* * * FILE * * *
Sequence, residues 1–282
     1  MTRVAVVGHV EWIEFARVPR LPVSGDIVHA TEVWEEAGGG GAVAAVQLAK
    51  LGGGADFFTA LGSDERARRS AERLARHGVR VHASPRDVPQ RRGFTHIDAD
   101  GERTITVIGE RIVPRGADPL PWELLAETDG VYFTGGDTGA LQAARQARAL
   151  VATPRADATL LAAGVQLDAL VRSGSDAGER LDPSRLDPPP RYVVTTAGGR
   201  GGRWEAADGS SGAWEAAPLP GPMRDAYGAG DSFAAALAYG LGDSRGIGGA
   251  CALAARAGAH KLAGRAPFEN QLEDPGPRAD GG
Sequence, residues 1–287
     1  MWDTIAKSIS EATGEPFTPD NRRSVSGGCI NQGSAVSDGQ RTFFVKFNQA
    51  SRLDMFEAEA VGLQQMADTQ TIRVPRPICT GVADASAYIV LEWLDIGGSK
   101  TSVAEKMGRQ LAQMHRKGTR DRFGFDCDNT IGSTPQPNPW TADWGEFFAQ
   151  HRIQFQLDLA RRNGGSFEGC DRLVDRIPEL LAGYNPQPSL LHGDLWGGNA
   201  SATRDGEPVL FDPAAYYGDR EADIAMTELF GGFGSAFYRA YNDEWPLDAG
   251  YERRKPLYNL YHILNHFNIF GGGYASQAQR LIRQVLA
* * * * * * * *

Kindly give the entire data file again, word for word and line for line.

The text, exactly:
Sequence, residues 1–282
     1  MTRVAVVGHV EWIEFARVPR LPVSGDIVHA TEVWEEAGGG GAVAAVQLAK
    51  LGGGADFFTA LGSDERARRS AERLARHGVR VHASPRDVPQ RRGFTHIDAD
   101  GERTITVIGE RIVPRGADPL PWELLAETDG VYFTGGDTGA LQAARQARAL
   151  VATPRADATL LAAGVQLDAL VRSGSDAGER LDPSRLDPPP RYVVTTAGGR
   201  GGRWEAADGS SGAWEAAPLP GPMRDAYGAG DSFAAALAYG LGDSRGIGGA
   251  CALAARAGAH KLAGRAPFEN QLEDPGPRAD GG
Sequence, residues 1–287
     1  MWDTIAKSIS EATGEPFTPD NRRSVSGGCI NQGSAVSDGQ RTFFVKFNQA
    51  SRLDMFEAEA VGLQQMADTQ TIRVPRPICT GVADASAYIV LEWLDIGGSK
   101  TSVAEKMGRQ LAQMHRKGTR DRFGFDCDNT IGSTPQPNPW TADWGEFFAQ
   151  HRIQFQLDLA RRNGGSFEGC DRLVDRIPEL LAGYNPQPSL LHGDLWGGNA
   201  SATRDGEPVL FDPAAYYGDR EADIAMTELF GGFGSAFYRA YNDEWPLDAG
   251  YERRKPLYNL YHILNHFNIF GGGYASQAQR LIRQVLA